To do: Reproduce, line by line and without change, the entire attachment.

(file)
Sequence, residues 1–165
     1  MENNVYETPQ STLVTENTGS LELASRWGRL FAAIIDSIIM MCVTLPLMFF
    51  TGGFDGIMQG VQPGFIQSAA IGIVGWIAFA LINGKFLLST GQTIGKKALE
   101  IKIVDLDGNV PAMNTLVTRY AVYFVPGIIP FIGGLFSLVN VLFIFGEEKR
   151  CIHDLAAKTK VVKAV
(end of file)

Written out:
Sequence, residues 1–165
     1  MENNVYETPQ STLVTENTGS LELASRWGRL FAAIIDSIIM MCVTLPLMFF
    51  TGGFDGIMQG VQPGFIQSAA IGIVGWIAFA LINGKFLLST GQTIGKKALE
   101  IKIVDLDGNV PAMNTLVTRY AVYFVPGIIP FIGGLFSLVN VLFIFGEEKR
   151  CIHDLAAKTK VVKAV